Expert Advice: Test-Based Civil Receiver Certification

December 1, 2011  - By
Logan Scott

Headshot: Logan Scott

By Logan Scott

Disaster-preparedness plans recognize the individual’s role in his or her own survival. When storms approach, have water, food, and basic survival gear on hand. It takes time for help to arrive.

The civil GPS industry faces an oncoming storm of interference, and the receiver is the first line of defense. As we integrate GPS into all facets of our lives and infrastructure, we become more subject to disruptions, both unintentional and intentional. Newark International Airport now sees several jamming events per day. In Taiwan, one airport experiences an average of 117 events per day!

How can civil PNT infrastructure be made more resilient?

Faced with jamming, spoofing, and cyber attacks, receivers must take basic precautionary measures. They must recognize jamming and spoofing attacks to avoid generating hazardously misleading outputs. Situational awareness is key. Accurate and specific alarms must be generated so users can take action and authorities can be notified. Regular threat-signature updates can improve situational awareness, much like antivirus updates on a computer. Fire alarms don’t put out fires but they do save lives and improve response time.

Twenty years ago, computers rarely had firewall or antivirus protection. As GPS becomes more deeply integrated into communications-enabled systems, its utility increases exponentially but so does its vulnerability to cyber attack. When you update your GPS software or your maps, how do you know they have not been compromised? How do you know your receiver is authentic?


Figure 1. There are demonstrated, well known attacks that can cause receivers to output misleading information without warning. Many of these attacks can be detected using simple methods. Some receivers incorporate detection and countermeasures techniques. Many don’t. Receiver certification provides GPS buyers with a starting point for selecting GPS receivers. Certified receivers can accurately report on interference so it can be located and stopped.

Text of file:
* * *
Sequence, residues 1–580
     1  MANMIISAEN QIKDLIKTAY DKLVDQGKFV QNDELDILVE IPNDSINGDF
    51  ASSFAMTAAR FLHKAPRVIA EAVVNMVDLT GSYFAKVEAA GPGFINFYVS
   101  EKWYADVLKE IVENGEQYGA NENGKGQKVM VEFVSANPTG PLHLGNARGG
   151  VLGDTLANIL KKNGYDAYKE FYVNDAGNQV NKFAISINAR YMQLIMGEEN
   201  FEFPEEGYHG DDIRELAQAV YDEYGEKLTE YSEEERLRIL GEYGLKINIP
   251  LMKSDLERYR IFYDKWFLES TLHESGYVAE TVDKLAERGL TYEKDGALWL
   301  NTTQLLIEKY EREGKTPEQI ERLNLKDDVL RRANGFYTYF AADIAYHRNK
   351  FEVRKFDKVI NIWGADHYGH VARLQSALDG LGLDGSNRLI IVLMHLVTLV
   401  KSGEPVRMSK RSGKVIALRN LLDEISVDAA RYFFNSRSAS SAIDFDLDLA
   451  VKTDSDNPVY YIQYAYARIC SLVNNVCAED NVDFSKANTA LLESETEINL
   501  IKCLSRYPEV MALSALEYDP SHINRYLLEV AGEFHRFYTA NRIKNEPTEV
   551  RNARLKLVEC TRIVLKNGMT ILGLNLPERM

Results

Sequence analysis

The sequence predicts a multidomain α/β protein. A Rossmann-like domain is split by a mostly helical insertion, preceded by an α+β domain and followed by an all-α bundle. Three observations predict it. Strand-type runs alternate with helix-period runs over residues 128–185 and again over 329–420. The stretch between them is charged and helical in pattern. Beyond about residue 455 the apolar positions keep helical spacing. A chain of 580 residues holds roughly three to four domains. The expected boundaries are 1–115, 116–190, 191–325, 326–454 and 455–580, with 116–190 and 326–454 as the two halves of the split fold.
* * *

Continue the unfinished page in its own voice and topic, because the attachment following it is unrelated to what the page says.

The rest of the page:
The U.S. Navy recently discovered counterfeit routers in several of their installations. Well-developed computer security methods such as the Trusted Platform Module found in more than 300 million computers can help secure GPS receivers without impeding innovation.

The government can also play a role in improving receivers by providing an authenticatable civil signal structure. Well-documented Public Key Infrastructure methods such as digital signing and occasional, short-spread spectrum security-code bursts can be added to the new L1C signal. Receivers voluntarily using these signal features can establish signal provenance with extremely high confidence.

The public, unclassified keys needed to process these features could be sold and used as a revenue source for the GPS system. Receivers that choose not to use these features can ignore them without adverse impact other than weaker security. The large numbers of in-theater military users who rely on civil signals would also stand to benefit.

Finally, I would note that situationally aware receivers can provide specific and detailed reports about what they see. Interference-monitoring systems such as Patriot Watch will need detailed reports to sort and associate the multitude of reports they receive into a coherent picture of what is actually happening. To provide adequate geographic coverage, interference monitoring systems will need to accept reports from diverse receiver types on an opportunistic basis. In short, they will have to rely on crowdsourcing as a major operational input.

As Brad Parkinson noted during my presentation of this material to the November 9 meeting of the National PNT Executive Committee Advisory Board (“Receiver Certification: Making the GNSS Environment Hostile to Jammers and Spoofers,” at, in the early days of electricity, a lot of houses burned down because of electrical problems. Underwriters Laboratories helped immensely by testing electrical equipment to make sure it was reasonably safe, and consumers looked for the UL label. A voluntary, basic receiver certification process similar to Underwriters Laboratories should be pursued to provide the user community with a basis for selecting receivers.

Logan Scott has more than 32 years of military and civil GPS systems engineering experience. At Texas Instruments, he pioneered approaches for building high-performance, jamming-resistant digital receivers. While at Omnipoint, a cellular carrier, he developed cross-system interference mitigation strategies. He holds 33 U.S. patents.

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